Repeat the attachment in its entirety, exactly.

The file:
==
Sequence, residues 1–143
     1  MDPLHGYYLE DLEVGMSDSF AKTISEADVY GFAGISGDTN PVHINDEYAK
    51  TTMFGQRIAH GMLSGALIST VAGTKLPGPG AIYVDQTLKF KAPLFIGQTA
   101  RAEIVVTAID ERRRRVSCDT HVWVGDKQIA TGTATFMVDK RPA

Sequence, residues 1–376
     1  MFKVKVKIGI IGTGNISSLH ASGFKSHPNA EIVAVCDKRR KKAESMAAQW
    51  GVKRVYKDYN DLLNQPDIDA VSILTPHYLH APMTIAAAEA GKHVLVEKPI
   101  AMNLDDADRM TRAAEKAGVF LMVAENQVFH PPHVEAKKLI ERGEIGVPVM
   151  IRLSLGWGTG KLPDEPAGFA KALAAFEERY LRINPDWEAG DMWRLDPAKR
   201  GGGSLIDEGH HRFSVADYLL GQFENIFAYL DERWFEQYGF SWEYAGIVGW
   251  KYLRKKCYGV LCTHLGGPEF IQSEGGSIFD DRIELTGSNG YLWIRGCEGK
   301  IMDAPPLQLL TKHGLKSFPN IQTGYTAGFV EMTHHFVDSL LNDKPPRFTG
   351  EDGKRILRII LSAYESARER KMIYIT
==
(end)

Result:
Sequence, residues 1–143
     1  MDPLHGYYLE DLEVGMSDSF AKTISEADVY GFAGISGDTN PVHINDEYAK
    51  TTMFGQRIAH GMLSGALIST VAGTKLPGPG AIYVDQTLKF KAPLFIGQTA
   101  RAEIVVTAID ERRRRVSCDT HVWVGDKQIA TGTATFMVDK RPA

Sequence, residues 1–376
     1  MFKVKVKIGI IGTGNISSLH ASGFKSHPNA EIVAVCDKRR KKAESMAAQW
    51  GVKRVYKDYN DLLNQPDIDA VSILTPHYLH APMTIAAAEA GKHVLVEKPI
   101  AMNLDDADRM TRAAEKAGVF LMVAENQVFH PPHVEAKKLI ERGEIGVPVM
   151  IRLSLGWGTG KLPDEPAGFA KALAAFEERY LRINPDWEAG DMWRLDPAKR
   201  GGGSLIDEGH HRFSVADYLL GQFENIFAYL DERWFEQYGF SWEYAGIVGW
   251  KYLRKKCYGV LCTHLGGPEF IQSEGGSIFD DRIELTGSNG YLWIRGCEGK
   301  IMDAPPLQLL TKHGLKSFPN IQTGYTAGFV EMTHHFVDSL LNDKPPRFTG
   351  EDGKRILRII LSAYESARER KMIYIT